Use a cost buffer if your business is project-cost sensitive. Organizations using throughput accounting and internal projects (e.g., internally funded R&D) may not require a cost buffer.
Sizing the cost buffer requires considering a number of factors. First, you should budget for the use of the schedule buffers. While start delays will not directly translate to cost, additional activity-duration times used by people working to complete the activity will increase cost. You should include at least 50% of time buffers into the cost buffer at an appropriate cost rate related to the chain that they protect. Alternatively, you could sum the amounts removed using one of the buffer-sizing methods you used for time, such as bias plus SSQ (i.e., the cost buffer equals the square root of the sum of the squares of the cost removed from each project activity, plus a fixed amount for bias). Note that this method is subject to the same considerations that applied when using the sum of the squares to size time buffers (e.g., for many nearly equal cost activities, this method may yield a much smaller buffer).
Second, you must consider the unique aspects of each project that affect your ability to estimate accurately. For example, if you are estimating unique materials or materials subject to wide price variations, you should consider this when sizing the cost buffer.
Finally, you should take advantage of using an aggregated cost buffer. This substantially reduces the total cost buffer requirement. It also reduces the tendency to "use it or lose it," which sets in if you include cost contingency in each activity. As with schedules, because of human behavior, projects do include cost contingency. The only question is if you have a readily identified, aggregated contingency under the control of the project manager or hidden contingency at the discretion of each task performer.
Never attempt to operate with a cost buffer of less than 10% of the estimated project cost. The reason is that there is always some bias in project cost estimates. You can always forget some things and underestimate others. Project reviews will usually remove any additional "unneeded" items in the cost estimate and make sure that individual cost estimates are not unrealistically high.
The buffer size for fluctuations should consider that you will rarely get the advantage of work-package underruns (estimated at their average durations), but you should consider the statistical combination of the positive variances. If you have a dominant work package in terms of total project cost and uncertainty, the uncertainty in that work package should size the statistical part of your cost buffer. If your work packages are similar in size, and you have several of them, you can use the square root of the sum of the squares to size the statistical contribution to the cost buffer.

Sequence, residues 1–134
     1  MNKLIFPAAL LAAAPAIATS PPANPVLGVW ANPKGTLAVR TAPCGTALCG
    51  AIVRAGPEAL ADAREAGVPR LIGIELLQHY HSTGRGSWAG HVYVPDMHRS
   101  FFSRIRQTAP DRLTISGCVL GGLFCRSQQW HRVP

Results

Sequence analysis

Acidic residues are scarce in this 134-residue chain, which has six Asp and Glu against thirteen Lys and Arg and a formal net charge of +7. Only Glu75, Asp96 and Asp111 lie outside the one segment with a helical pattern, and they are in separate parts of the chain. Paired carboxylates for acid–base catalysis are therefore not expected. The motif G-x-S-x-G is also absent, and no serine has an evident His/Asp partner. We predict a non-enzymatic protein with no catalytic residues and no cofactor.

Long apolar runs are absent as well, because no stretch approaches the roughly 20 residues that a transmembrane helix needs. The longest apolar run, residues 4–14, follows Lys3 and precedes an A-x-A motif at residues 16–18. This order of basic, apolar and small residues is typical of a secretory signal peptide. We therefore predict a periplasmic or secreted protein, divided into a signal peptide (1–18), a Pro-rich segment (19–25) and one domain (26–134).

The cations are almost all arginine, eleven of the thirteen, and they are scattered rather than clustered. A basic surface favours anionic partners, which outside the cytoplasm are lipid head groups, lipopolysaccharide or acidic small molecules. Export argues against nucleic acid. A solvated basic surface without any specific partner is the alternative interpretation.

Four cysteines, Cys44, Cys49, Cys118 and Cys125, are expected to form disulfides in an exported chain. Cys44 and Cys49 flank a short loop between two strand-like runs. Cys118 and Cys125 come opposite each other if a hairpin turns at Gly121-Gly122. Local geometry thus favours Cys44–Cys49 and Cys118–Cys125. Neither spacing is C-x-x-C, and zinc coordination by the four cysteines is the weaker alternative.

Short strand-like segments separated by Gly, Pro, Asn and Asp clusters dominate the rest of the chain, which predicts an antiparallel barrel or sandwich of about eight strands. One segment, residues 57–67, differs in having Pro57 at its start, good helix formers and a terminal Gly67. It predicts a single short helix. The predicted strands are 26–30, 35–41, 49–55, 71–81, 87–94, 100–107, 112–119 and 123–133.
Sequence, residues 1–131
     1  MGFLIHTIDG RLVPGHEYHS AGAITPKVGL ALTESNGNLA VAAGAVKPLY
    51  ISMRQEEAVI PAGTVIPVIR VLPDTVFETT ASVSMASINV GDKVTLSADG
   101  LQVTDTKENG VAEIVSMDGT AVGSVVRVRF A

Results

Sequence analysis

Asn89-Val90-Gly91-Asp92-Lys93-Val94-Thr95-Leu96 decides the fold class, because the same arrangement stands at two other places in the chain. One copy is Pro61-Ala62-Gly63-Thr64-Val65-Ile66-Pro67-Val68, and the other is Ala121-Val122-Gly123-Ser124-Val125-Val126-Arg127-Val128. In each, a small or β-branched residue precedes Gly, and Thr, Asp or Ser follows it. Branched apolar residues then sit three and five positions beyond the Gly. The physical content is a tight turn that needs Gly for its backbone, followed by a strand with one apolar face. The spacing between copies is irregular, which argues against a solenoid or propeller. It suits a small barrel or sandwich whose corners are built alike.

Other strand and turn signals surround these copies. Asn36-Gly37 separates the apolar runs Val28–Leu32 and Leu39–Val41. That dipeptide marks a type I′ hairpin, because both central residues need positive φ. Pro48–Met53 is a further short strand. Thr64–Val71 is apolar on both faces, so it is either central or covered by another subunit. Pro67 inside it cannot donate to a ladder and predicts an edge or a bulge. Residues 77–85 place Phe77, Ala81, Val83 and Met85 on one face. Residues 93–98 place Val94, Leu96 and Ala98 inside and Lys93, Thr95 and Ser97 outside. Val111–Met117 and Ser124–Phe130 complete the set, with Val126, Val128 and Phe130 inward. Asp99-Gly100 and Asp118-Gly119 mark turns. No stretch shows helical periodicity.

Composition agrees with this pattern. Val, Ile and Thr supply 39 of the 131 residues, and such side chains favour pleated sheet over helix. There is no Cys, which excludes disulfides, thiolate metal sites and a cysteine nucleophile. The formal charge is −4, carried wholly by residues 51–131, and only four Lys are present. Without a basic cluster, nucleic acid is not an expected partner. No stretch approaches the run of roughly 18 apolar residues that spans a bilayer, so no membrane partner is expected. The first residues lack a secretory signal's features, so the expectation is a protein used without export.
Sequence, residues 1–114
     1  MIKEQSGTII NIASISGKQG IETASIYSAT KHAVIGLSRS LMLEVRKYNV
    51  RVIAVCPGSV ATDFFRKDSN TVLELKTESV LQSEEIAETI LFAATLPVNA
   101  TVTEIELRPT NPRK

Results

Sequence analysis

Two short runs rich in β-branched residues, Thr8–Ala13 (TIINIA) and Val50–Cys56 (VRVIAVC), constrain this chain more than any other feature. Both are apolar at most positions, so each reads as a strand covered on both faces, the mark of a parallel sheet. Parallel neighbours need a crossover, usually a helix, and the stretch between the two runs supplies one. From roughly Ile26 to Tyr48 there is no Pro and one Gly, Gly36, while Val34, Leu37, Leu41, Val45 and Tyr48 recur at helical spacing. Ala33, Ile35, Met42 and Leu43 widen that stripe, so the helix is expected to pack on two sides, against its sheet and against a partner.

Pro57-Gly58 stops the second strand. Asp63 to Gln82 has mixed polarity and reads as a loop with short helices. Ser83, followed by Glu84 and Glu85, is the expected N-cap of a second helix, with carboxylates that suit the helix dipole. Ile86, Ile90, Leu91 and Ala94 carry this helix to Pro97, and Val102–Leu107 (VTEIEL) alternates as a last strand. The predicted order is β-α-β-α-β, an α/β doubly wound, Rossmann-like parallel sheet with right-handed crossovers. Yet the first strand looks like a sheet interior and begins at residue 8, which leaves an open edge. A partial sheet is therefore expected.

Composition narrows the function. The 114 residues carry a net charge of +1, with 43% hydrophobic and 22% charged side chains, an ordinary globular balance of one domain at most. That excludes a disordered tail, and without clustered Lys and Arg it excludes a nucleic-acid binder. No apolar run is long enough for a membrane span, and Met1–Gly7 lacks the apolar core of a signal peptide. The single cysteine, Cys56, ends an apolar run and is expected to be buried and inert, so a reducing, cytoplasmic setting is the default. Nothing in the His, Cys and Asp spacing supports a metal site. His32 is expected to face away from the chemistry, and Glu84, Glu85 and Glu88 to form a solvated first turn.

If your customer is dissatisfied with the size of the cost buffer, you might consider rolling-wave planning. This method phases the plan, with a higher level of detail and lower level of uncertainty associated with near-term, better-known tasks and less detail and more uncertainty for later phases of the project. The rolling-wave method adds detail to the plan periodically as it is better defined.
If your organization uses cost-and-schedule-control reporting or uses project plans to sum up organizational resource demands, you can add the cost buffer into the project plan. We recommend you put it all into the project buffer. If you use other means for global resource planning, you can put it into the buffer as a leveled fixed cost. If you use the individual project plans to project resource demand, you must put in a resource distribution representative of the aggregated project. For example, divide up the people resources to represent the same percentage in the buffer as they do in the plan.
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What you need to know about… Project Management Made Easy! Project management consists of more than just a large building project and can encompass small projects as well. No matter what the size of your project, you need to have some sort of project management. How you manage your project has everything to do with its outcome.